During this crisis, markets have rewarded flexible companies, a continuation of a trend that predate the crisis to the last one. If the last decade has been a disruptive one, that disruption has been largely driven  by companies that have not only built flexible structures, but also used that flexibility to gain competitive advantages over their status quo competitors. As companies get pushed to increase flexibility, it is worth noting that this quest comes with costs, and these trade offs have to be acknowledged:
  1. Compressed Corporate Life Cycle: Earlier in this post, I argued that one of the benefits of having high investment flexibility is that companies can scale up faster; Uber and Airbnb have been able to go from start ups to large companies (at least in terms of operations and value) in very short time periods. However, the same forces that allow these companies to scale up faster also create business models which are more difficult to defend against new competitors, leading to shorter periods of maturity and more speedy decline, with important consequences.
  2. Losses on the upside: With operating and financial flexibility, the trade off is much simpler, since companies with greater operating and financial flexibility will be more protected on the downside, but at the expense of giving up some of the upside. Having large fixed costs and/or high net debt will result in bigger losses when times are bad, but it will also create larger profits on the upside.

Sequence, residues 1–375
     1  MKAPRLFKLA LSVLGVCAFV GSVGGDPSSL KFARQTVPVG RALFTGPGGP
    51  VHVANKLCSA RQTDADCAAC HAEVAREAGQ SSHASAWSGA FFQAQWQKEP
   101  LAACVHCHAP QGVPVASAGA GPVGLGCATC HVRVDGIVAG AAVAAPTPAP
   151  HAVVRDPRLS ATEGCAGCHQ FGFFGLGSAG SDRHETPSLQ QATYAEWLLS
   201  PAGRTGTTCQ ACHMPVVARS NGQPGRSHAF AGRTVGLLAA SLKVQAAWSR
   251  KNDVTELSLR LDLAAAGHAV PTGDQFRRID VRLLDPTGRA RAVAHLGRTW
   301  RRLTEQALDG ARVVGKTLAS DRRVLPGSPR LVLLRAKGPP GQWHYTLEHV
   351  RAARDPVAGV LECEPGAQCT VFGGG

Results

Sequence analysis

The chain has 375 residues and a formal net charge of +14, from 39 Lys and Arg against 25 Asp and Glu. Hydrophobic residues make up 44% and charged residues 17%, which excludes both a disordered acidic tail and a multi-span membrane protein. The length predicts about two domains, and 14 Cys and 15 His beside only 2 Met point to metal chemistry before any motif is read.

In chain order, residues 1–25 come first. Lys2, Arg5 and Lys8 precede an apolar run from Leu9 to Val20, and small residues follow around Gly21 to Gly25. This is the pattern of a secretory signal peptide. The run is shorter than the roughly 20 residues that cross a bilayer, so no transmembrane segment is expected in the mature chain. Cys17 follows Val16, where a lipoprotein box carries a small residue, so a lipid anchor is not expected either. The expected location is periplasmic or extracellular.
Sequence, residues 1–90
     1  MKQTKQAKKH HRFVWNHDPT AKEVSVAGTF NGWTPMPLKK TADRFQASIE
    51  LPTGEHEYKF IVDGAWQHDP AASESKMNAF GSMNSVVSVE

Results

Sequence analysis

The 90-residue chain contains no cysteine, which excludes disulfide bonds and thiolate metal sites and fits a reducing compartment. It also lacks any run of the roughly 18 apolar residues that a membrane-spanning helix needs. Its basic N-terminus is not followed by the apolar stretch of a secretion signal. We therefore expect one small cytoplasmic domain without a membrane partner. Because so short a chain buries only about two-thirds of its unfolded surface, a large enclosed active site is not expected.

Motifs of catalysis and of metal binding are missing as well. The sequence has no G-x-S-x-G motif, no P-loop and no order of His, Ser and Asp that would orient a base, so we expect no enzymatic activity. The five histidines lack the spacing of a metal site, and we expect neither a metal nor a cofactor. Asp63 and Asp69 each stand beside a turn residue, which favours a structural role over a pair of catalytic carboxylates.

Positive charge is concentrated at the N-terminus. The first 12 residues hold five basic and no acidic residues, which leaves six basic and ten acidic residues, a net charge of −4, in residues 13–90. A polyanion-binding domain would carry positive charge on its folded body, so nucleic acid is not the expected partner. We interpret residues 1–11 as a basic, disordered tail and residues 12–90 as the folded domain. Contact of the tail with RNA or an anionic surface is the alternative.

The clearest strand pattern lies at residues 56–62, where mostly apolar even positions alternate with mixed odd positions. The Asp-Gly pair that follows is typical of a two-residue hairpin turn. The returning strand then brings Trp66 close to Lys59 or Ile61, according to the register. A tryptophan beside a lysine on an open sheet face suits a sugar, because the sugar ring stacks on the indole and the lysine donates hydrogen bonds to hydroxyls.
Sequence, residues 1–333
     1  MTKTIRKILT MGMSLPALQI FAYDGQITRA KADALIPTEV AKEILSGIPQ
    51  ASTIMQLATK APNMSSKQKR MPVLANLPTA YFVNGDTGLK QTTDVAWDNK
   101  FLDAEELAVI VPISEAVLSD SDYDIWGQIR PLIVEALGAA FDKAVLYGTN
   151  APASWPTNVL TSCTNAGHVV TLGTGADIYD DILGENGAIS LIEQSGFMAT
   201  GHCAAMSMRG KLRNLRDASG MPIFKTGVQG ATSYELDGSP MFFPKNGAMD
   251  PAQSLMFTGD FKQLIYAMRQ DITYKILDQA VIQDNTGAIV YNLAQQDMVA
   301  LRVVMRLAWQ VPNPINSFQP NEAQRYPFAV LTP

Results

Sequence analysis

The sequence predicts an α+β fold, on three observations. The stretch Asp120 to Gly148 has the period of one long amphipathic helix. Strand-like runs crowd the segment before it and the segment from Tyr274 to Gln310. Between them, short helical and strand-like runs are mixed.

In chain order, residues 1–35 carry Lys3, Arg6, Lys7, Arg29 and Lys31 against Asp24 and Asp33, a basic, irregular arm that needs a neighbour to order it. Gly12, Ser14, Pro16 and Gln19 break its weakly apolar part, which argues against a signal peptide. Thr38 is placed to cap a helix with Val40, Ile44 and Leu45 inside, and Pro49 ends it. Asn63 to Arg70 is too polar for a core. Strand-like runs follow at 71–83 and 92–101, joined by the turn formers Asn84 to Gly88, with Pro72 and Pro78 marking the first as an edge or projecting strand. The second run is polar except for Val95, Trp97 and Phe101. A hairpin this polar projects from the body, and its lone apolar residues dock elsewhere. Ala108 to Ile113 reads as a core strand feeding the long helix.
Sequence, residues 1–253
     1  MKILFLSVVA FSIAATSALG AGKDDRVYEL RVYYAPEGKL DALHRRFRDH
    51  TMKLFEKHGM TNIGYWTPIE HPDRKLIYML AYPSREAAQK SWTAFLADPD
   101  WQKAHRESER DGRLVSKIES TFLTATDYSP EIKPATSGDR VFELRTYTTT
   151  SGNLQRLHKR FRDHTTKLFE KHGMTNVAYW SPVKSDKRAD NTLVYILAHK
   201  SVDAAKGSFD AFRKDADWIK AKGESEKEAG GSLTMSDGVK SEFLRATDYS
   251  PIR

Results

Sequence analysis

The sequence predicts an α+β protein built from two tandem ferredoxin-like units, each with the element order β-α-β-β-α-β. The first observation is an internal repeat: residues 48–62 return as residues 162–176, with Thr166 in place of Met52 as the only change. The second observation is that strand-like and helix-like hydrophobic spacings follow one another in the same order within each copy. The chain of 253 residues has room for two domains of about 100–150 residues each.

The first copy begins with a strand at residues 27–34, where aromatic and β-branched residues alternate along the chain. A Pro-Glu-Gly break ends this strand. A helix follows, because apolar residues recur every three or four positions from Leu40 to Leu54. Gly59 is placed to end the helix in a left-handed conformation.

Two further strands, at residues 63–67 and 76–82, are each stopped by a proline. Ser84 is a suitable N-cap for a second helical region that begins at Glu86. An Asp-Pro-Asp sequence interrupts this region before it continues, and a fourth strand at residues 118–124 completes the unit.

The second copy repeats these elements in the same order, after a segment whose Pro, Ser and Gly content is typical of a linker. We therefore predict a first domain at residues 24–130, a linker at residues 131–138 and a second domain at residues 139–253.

3. Social costs: As new business models are built to have motor flexibility, some of the actions that increase flexibility come with costs that are borne by society, rather than the company. For instance, Uber's business model of treating drivers as independent contractors rather than employees gives the company a more flexible cost structure, but it does pass on the costs of providing a safety net (health care and pensions) to society. As a society, we need to debate whether the benefits we gain by having a more nimble economy outweigh the social costs.